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FILM REVIEW: Mad Max Fury Road

Mad Max hangs, chained, upside down in some bleak, cavernous dungeon, following his persual and subsequent capture by a gang of crazed lunatics.

Charleze Theron (playing Imperator Furiosa), drives a customised big rig as part of the lunatics’ convoy, but she’s just taken an unscheduled turn off course and is making a break for it, destined for her childhood ‘Green Place,’ both for her benefit and for that of the group of scantily clad girls she’s secreted away from the clutches of their one, tyrannous husband and self-acclaimed people’s redeemer, Immortan Joe.

Both Furiosa and Max soon become reluctant partners and fugitives in crime, fleeing for their lives in Mad Max Fury Road (MMFR), the re-booted fourth instalment of the bizarre, post apocalyptic Mad Max franchise.

The film is well cast throughout, with Max, a loner of few words played here by Tom Hardy and he makes a good fist of things.

Along with Theron and then latterly, Nux (played by Nicholas Hoult), a somewhat misguided kid intent upon a glorious entrance into Valhalla, there are a number of ‘heroes’ to familiarise ourselves with and they’re all vying for our attention and that really is my main criticism of MMFR; there are just simply too many wannabe heroes. The lines are subsequently blurred between each and as a result, the film lacks a true focal point.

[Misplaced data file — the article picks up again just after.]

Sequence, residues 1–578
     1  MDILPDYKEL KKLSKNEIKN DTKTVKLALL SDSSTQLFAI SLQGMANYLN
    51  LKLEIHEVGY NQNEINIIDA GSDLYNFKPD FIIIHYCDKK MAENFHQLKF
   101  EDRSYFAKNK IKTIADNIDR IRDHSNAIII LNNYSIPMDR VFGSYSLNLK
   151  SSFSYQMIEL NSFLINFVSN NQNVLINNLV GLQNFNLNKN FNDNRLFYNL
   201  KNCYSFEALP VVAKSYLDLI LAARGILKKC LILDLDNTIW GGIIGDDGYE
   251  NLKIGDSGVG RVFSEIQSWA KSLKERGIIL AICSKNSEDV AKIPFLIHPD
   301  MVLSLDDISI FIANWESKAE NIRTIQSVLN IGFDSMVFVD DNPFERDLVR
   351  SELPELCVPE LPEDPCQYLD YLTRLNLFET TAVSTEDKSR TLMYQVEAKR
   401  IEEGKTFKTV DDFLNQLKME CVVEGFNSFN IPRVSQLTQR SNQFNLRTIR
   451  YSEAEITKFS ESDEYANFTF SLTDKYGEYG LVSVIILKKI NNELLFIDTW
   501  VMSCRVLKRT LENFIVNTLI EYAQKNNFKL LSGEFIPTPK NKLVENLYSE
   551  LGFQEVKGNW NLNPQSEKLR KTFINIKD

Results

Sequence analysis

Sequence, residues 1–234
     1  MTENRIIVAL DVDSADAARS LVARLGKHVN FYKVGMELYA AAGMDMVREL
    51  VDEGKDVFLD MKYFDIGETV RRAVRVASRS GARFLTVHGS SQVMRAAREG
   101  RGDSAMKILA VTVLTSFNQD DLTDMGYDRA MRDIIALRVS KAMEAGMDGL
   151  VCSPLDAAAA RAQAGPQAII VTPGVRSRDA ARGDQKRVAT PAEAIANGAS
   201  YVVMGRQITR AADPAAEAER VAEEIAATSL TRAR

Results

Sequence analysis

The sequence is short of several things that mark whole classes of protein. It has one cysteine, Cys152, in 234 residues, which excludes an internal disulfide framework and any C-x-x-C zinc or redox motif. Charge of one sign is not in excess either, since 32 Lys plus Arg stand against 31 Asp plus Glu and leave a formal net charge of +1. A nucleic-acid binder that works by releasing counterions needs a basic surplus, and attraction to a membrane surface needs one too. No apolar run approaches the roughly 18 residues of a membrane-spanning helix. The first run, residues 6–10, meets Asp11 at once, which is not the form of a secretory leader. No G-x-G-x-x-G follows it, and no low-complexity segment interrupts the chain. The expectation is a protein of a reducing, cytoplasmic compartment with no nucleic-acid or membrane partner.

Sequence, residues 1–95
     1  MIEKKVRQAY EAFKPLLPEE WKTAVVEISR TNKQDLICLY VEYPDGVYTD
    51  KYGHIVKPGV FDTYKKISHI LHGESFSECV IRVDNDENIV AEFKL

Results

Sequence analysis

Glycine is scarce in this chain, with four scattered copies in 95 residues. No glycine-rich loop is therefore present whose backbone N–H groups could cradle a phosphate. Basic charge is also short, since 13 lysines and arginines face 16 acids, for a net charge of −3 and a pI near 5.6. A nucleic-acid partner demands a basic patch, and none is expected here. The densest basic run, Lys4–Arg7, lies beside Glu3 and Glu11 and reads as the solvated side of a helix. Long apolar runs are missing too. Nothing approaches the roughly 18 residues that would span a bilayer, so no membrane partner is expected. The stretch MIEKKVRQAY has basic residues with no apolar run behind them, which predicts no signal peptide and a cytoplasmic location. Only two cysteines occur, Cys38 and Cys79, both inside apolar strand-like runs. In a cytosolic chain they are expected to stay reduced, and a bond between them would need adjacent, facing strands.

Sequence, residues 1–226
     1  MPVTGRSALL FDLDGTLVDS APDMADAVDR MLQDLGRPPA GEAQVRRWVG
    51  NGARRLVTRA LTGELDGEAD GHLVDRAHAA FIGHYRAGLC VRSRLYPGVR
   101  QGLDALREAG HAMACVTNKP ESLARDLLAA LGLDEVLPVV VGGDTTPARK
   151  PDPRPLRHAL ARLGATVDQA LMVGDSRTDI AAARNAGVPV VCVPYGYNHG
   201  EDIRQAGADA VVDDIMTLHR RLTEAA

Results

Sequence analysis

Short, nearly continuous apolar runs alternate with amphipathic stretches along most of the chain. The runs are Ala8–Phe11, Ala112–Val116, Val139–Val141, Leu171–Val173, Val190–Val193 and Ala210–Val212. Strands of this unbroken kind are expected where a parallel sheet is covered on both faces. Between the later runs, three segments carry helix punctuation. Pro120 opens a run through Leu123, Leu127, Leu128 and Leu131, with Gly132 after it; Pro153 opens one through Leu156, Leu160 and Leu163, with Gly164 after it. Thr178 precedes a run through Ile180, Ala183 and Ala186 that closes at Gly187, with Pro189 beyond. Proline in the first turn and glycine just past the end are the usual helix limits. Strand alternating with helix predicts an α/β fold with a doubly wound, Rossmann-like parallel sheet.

Director George Miller’s intentions here it seems was to come up with a raw, gritty, break-neck speed road movie with a poignant sub-text, but above all an invitation to buckle up and enjoy the white knuckle ride.

To a large degree, MMFR achieves much of this, it’s true, but ultimately what Miller has delivered is one hyper-extended chase scene and a rather flimsy plot. Admittedly the chase scenes are full throttle and nerve jangling, to such an extent infact that when the engines are briefly switched off in the film’s middle section and there’s a serious attempt at reflection and soul searching, it just feels clumsy and contrived and completely out of kilter with the rest of the film, as though someone’s accidentally pulled the plug out at a rave.

The engines weren’t the only things that switched off at that point.

It’s not all negativity though, there are indeed some great touches. The heavy metal, shredding guitar gimp, for example, (think Yngwie Malmsteem’s post-apocalyptic, mutant love child), strapped to the front of the mother of all Marshall stacks, strapped to the mother of all big rigs is inspired and it’s this kind of far-out bizarreness that MMFR aspires to achieve yet somehow, on reflection,  falls short of.

Don’t get me wrong, the whole concept is in many ways off its head, but for those of us of a certain age that remember the original trilogy and the truly bizarre blueprint that it laid out decades ago, it’s arguable that MMFR adds nothing new to the pot other than admittedly top-drawer and even more elaborate special effects.

MMFR is a sort of high-octane, mutant whacky races with thrills and spills aplenty and if you’re an adrenalin junky and that in itself is enough for you, then I imagine that MMFR is going to press all the right buttons.

 

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